Why RRSPs are less critical for Millennials than for the Boomers

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The TFSA and an expanded CPP means Millennials will depend less on RRSPs than the Boomers did

My contribution to the Financial Post’s first RRSP special report of the season can be found by clicking on this headline: For Boomers, the RRSP decision was easy but for Millennials, things are a little more complicated. The piece, which also appeared on page FP 10 of Wednesday’s print edition, recaps the three big advantages of RRSPs, articulated by regular Hub contributor Adrian Mastracci.

As baby boomers, both my wife and I have maximized contributions to our RRSPs almost from the moment we entered the workforce in the late ’70s (actually, in my case, only since 1984, when I rolled over a Defined Benefit pension into my first RRSP). And with no employer pension plan, my wife has continued to maximize her RRSP, to the point some of my sources tell me it’s time to stop, if we don’t wish to be subjected to onerous taxations and OAS clawbacks once we reach our 70s.

As for Millennials, the FP piece makes the argument that the Millennials enjoy two things the Boomers did not have for most of their investing careers: the Tax-free Savings Account (TFSAs, the Canadian equivalent of America’s Roth plans), and second, the newly expanded Canada Pension Plan or CPP.

As I noted in a Motley Fool special report in the fall, by the time the expanded CPP fully kicks in around the year 2065, someone who qualifies for maximum benefits and waits till 70 to receive them could get as much as $2,356 a month just from CPP, or $4,712 a month for a qualifying couple. Add in a giant untaxed TFSA and that might be all they’d need in retirement: assuming this high-saving couple maximized TFSA contributions at $5,500 a year (plus any inflation adjustments to come) from age 18 on.

To be sure, the eternal (well, eternal since TFSAs were introduced in 2009) question of TFSA, RRSP or both will depend on earning levels and tax brackets, which the FP article goes into in some depth. And it also bears mentioning that the TFSA advantage would be almost twice as compelling if the Liberal government had not acted to cut back on the $10,000 TFSA limit we enjoyed one year back to the current inflation-adjusted level of $5,500. So as it stands, high earners have roughly four times as much annual RRSP contribution room as they do for TFSAs, which is a pity.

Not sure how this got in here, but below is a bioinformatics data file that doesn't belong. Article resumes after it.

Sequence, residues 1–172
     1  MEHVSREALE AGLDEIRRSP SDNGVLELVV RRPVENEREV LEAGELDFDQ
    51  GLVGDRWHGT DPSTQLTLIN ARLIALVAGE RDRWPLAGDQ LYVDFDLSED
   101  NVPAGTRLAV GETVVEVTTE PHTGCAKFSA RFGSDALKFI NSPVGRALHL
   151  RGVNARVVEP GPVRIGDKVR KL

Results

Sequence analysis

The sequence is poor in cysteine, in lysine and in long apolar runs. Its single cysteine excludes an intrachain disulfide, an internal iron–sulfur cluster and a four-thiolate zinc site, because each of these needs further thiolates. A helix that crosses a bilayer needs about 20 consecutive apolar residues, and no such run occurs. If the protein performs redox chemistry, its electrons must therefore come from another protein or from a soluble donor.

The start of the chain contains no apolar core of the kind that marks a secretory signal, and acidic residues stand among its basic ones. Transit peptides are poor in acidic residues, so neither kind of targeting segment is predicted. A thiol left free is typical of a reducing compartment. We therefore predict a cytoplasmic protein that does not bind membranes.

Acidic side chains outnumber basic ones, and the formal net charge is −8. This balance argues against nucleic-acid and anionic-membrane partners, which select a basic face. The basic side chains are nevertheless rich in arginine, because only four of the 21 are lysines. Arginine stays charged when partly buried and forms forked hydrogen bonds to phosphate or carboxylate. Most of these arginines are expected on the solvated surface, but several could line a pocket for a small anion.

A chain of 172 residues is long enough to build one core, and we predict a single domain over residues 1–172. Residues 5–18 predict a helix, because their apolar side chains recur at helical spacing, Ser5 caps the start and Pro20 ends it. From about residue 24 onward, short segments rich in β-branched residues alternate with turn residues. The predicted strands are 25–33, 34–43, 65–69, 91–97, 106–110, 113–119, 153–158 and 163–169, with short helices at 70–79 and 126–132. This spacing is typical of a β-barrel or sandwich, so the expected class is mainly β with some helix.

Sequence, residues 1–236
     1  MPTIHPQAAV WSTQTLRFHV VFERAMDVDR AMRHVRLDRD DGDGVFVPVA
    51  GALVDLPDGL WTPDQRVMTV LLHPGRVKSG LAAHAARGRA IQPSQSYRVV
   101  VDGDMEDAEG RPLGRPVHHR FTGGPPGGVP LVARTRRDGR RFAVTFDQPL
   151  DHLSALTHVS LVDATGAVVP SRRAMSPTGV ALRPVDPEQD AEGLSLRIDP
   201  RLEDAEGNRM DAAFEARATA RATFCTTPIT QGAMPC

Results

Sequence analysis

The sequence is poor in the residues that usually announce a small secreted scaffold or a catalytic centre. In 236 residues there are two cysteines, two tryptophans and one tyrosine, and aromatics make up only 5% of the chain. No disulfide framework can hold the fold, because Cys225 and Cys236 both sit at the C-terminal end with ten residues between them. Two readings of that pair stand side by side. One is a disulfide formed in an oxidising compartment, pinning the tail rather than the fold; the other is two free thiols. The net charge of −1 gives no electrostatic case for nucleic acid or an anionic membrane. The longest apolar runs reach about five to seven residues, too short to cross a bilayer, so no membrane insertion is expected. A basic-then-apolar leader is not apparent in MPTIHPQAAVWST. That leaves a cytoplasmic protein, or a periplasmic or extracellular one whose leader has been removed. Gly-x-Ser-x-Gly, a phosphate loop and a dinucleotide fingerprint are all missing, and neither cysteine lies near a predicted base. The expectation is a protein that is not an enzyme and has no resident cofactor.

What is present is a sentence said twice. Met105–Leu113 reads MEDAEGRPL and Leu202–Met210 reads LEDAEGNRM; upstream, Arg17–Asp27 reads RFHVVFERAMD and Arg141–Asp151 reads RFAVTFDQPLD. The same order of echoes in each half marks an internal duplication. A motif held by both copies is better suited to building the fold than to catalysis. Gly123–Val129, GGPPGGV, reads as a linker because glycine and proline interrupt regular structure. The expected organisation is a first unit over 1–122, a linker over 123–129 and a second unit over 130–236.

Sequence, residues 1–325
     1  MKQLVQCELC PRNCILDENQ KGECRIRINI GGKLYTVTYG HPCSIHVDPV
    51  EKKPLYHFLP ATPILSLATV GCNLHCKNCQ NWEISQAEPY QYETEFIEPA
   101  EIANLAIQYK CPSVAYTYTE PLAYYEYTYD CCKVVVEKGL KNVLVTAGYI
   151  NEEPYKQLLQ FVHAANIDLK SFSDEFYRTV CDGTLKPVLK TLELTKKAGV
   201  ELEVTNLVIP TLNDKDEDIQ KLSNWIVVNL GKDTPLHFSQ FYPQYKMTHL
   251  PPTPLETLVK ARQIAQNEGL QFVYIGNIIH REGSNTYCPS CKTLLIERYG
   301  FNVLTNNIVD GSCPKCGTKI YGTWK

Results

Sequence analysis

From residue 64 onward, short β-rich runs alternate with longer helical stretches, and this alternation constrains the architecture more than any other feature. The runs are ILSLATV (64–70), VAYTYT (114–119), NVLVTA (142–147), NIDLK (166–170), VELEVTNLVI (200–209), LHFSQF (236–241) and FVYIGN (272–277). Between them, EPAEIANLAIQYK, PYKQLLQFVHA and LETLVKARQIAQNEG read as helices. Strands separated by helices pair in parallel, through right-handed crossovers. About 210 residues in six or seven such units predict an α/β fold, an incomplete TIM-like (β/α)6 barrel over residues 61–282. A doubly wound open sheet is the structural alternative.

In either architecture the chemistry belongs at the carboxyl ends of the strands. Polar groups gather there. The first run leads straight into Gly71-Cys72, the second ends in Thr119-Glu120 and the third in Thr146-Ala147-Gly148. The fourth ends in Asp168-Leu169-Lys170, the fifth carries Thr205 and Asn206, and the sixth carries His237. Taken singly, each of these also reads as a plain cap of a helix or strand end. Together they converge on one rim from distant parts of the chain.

The Hub looked at this last Friday, when another regular Hub contributor — certified financial planner Ed Rempel — performed a rigorous analysis. See TFSA or RRSP? The right answer for you. See also this nine-year-old tax expert’s analysis of the same topic that ran on the Hub in December: Baby Sitting and RRSPs: a 9-year-old’s rules for when to TFSA.

My personal inclination is to maximize BOTH the RRSP and TFSAs, which certainly should be possible if you’ve eliminated all forms of consumer debt. Most dual-income couples should be able to do both, in my view, although of course if one of them is taking temporary stints outside the workforce (perhaps for child-raising), income-splitting practices like using spousal RRSPs may make sense.

Motley Fool blog on possible ban of trailer commissions

For those who missed it week before last, you can find my latest Motley Fool blog on the Canadian Securities Administrators report on the possible ban of trailer commissions on various investment funds can be found here, under the headline Banning Trailer Commissions Could Give Canadian Investors a Wealth of Lower-Cost Products.

 

 

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